DEUTSCHE VERSION
Christoph Angerer

Born in 1966 in Bonn/Germany, Christoph Angerer is a Viennese with Austrian citizenship and Swiss citizen rights. He studied music at the Academy of Music in Stuttgart and at Vienna’s Academy of Music and Performing Arts, diploma in viola performance in 1988. He also studied music sociology focusing on music history of the 18th century (thesis on “The relevance of ‘minor masters’ in the 18th century”). In 1982, Christoph and his father Paul Angerer founded the ensemble Concilium musicum Wien in order to perform works on period instruments, having intensively studied the historical way of performing music of the (Viennese) classical and pre-classical periods. Christoph Angerer pursues intensive studies of the use of historical instruments, particularly of the viola d'amore.

From 1985 to 1991, he was a regular substitute in the orchestra of the Vienna State Opera. Christoph Angerer regularly performs in numerous concerts – with Concilium musicum Wien and plenty of other ensembles, and gives solo recitals. His discography includes a large number of radio and TV recordings as well as numerous CDs.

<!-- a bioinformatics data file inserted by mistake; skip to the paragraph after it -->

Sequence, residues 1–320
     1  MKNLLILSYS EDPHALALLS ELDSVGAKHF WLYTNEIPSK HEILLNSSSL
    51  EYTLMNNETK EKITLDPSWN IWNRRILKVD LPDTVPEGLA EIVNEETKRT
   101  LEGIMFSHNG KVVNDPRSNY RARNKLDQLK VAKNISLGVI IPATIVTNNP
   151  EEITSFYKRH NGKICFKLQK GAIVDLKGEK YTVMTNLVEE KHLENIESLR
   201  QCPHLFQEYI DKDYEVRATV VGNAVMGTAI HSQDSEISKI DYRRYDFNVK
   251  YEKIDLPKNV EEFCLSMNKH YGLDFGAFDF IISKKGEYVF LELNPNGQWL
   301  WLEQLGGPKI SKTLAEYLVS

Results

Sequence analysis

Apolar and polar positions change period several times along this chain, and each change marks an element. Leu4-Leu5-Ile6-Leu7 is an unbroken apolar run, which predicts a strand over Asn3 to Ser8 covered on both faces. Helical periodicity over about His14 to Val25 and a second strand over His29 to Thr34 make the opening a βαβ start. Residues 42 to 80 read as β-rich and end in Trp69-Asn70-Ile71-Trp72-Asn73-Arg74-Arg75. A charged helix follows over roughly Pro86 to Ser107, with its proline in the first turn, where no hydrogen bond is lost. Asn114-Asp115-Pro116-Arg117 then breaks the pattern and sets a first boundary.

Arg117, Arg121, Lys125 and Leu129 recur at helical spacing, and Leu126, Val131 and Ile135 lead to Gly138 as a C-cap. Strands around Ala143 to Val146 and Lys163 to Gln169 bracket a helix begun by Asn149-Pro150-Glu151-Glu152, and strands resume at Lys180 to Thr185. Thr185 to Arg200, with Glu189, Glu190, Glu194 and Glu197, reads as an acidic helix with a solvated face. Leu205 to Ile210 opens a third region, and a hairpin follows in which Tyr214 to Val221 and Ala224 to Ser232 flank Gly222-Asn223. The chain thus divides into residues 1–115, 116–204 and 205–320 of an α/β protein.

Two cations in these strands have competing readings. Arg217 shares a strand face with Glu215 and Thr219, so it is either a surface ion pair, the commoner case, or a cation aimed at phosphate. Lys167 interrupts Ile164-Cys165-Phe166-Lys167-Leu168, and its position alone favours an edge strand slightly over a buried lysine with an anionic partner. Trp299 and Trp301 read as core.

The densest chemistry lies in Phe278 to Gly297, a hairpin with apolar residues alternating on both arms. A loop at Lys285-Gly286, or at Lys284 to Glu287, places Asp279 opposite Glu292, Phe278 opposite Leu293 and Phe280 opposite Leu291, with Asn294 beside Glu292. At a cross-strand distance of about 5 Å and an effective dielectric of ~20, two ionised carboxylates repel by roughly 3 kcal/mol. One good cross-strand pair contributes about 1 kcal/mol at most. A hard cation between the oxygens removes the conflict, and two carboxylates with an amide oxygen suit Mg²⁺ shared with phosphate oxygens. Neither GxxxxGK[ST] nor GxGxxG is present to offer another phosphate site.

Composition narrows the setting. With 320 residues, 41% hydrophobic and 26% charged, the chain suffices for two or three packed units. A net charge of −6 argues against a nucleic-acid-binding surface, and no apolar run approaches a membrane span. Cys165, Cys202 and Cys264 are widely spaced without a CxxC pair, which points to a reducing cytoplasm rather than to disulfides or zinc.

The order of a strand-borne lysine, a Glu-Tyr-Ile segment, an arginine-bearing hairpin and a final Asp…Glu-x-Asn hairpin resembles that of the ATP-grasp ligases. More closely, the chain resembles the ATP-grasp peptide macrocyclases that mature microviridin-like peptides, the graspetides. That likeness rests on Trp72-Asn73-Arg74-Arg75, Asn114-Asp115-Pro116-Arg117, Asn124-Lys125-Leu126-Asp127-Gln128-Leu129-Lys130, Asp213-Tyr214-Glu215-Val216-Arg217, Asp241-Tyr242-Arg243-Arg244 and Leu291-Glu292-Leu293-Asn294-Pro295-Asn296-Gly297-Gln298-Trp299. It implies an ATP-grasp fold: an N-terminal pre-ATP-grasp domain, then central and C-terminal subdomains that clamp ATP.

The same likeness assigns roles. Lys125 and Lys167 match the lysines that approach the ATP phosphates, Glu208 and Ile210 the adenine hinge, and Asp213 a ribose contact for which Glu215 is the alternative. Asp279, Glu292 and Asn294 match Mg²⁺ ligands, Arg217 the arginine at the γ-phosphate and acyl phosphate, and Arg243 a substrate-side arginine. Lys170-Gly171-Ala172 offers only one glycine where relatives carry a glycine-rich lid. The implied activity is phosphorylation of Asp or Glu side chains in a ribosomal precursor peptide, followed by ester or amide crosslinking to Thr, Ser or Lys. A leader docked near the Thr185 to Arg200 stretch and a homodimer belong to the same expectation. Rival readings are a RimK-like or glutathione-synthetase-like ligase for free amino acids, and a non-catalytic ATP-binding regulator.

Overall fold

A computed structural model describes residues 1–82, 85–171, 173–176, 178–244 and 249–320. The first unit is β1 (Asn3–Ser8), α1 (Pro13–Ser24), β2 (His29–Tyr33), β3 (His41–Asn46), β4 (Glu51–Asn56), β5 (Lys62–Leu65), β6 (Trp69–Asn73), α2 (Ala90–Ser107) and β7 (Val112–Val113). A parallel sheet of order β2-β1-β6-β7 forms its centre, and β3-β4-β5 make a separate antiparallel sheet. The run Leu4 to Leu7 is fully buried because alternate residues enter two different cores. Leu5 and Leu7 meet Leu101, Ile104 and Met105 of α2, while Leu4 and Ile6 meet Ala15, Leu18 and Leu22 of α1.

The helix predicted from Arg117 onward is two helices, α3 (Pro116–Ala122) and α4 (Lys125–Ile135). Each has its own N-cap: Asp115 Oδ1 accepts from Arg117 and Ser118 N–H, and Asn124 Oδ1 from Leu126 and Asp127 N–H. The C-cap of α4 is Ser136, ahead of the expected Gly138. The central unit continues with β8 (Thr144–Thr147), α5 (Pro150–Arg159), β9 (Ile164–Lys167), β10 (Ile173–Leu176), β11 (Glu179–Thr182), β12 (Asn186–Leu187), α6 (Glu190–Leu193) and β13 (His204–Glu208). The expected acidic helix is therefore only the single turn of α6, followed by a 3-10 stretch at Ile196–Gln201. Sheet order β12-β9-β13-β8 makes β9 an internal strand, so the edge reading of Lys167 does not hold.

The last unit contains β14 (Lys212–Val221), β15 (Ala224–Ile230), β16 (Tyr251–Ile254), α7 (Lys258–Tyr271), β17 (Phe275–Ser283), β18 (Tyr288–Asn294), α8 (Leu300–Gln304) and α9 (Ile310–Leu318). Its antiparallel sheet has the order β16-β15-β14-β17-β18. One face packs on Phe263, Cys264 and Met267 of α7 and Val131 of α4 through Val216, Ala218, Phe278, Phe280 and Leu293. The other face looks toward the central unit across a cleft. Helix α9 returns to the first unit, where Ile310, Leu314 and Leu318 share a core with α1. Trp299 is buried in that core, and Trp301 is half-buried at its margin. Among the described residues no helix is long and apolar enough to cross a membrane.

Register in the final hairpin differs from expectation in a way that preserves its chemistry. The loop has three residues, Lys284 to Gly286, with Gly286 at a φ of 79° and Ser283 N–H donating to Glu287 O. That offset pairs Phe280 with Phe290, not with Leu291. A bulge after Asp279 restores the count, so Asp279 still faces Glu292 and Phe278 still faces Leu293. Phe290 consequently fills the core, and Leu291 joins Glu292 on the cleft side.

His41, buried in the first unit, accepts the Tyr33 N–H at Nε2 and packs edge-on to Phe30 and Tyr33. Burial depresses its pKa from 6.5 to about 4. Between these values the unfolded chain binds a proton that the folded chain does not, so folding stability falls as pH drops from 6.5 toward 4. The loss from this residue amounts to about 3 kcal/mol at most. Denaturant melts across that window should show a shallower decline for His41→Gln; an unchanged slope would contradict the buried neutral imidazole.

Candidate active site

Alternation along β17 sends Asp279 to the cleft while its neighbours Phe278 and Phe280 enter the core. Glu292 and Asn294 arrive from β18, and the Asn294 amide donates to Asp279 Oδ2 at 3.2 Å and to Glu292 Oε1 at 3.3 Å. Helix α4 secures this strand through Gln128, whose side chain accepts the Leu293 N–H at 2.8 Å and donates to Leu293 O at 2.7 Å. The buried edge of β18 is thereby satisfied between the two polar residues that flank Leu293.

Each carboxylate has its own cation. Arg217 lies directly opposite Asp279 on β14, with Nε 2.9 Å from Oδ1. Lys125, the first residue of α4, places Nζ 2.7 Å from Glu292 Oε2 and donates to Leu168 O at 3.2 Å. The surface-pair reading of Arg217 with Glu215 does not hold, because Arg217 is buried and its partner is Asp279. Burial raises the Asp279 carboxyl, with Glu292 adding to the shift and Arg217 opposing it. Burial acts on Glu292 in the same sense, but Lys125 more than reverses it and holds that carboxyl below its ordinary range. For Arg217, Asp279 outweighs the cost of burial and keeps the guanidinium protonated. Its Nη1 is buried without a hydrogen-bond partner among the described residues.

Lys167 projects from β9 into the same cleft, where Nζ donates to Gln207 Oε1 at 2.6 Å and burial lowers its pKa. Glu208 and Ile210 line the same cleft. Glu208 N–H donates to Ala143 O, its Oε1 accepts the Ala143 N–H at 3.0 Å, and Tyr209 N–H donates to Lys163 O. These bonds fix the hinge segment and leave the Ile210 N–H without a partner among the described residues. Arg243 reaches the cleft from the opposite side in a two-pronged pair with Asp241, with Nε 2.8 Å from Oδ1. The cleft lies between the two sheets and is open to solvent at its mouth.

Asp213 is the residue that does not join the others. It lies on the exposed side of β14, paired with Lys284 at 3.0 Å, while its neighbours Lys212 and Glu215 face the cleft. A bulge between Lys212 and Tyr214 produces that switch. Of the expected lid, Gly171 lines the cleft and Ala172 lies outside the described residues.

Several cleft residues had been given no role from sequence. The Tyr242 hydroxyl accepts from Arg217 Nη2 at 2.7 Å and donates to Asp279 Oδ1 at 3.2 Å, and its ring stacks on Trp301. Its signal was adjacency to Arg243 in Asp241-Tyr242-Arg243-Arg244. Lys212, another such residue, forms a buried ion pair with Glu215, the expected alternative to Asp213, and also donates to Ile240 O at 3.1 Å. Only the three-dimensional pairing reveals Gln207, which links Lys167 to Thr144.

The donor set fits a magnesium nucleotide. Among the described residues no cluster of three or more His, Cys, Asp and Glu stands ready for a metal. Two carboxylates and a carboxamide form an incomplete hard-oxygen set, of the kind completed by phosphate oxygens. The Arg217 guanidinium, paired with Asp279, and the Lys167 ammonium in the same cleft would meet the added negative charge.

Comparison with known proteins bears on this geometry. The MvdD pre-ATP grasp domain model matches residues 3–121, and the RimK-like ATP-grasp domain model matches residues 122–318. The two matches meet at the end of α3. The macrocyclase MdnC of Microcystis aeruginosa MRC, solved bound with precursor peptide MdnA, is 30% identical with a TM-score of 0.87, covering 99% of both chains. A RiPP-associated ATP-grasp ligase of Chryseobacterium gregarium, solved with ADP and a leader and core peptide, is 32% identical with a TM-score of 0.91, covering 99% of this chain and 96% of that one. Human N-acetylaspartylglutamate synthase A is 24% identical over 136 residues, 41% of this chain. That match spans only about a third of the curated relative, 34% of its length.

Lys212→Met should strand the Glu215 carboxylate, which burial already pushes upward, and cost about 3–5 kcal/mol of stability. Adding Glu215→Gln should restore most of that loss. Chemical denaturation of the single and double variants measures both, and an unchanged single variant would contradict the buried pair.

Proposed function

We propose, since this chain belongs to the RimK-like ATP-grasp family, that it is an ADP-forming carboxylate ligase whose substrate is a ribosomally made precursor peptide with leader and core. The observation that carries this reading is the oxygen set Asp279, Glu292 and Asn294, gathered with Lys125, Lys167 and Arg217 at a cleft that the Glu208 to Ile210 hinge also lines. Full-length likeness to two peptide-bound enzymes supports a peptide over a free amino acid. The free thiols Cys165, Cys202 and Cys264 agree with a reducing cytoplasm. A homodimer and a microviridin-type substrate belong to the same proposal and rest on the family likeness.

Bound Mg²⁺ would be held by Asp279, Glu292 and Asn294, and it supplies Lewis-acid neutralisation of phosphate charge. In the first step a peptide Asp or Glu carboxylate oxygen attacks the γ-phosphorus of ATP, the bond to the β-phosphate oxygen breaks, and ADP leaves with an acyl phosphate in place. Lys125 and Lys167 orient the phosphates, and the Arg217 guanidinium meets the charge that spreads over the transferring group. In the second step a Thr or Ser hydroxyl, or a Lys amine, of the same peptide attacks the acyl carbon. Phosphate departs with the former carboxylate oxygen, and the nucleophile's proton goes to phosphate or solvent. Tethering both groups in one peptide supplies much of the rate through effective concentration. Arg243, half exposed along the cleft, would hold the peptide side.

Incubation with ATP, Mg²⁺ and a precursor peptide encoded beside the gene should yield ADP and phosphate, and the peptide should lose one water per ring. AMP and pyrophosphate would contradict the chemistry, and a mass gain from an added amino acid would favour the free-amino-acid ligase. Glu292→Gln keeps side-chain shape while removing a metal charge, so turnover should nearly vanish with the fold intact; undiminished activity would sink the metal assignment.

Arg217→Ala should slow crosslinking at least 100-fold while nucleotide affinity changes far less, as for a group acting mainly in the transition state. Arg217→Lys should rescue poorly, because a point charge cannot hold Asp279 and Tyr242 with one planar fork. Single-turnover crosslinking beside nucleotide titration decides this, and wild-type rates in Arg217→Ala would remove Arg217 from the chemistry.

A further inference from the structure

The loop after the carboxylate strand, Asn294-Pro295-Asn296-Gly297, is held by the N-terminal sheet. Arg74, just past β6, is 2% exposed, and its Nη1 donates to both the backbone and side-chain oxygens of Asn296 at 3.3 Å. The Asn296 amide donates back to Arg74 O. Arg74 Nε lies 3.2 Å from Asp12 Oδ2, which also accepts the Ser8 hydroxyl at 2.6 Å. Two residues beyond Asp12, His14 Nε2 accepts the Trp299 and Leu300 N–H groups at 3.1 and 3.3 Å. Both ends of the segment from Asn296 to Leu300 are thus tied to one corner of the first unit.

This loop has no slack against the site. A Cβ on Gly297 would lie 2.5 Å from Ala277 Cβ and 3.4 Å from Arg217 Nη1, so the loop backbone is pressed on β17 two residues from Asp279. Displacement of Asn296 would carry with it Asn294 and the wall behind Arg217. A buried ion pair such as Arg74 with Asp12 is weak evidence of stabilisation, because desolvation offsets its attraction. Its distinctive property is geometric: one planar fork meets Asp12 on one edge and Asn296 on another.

From 1993 to 2012, he lectured viola d’amore at the University of Music and the Performing Arts in Vienna and presently still gives master classes in Europe (violin, viola, viola d’amore and performance tradition). From 1999 to 2011, he cooperated with "Yamaha Europe" in different areas. In 1991, he founded the international music agency "Kultur-Management Wien".

 

 

The Viola d’amore

is a stringed instrument in the shape of a viola, only with six or sometimes even seven playing strings and six or seven sympathetic strings for extra resonance.

The tuning of this instrument can vary whereas the tuning often was D-major (A D a d' f-sharp' a d'') in the 18th century. The sympathetic strings give the viola d'amore its special timbre and mostly match the pitches of the playing strings. The instrument is held under the chin like a violin or viola. Because of the extra two or three playing strings and the varying tunings the viola d'amore needs to be played slightly differently.

The viola d'amore was very popular in the baroque and classical era with composers like Heinrich Ignaz Franz Biber, Johann Sebastian Bach, Antonio Vivaldi, Carl Stamitz, Anton Hoffmeister, Johann Georg Albrechtsberger and Joseph Leopold Eybler.

Mozart and Haydn, unfortunately did not compose for the viola d'amore, which might be the reason why the instrument is almost forgotten and rarely heard in concerts halls around the world. Hopefully modern compositions for this instrument will cause a renaissance to the viola d'amore.

 

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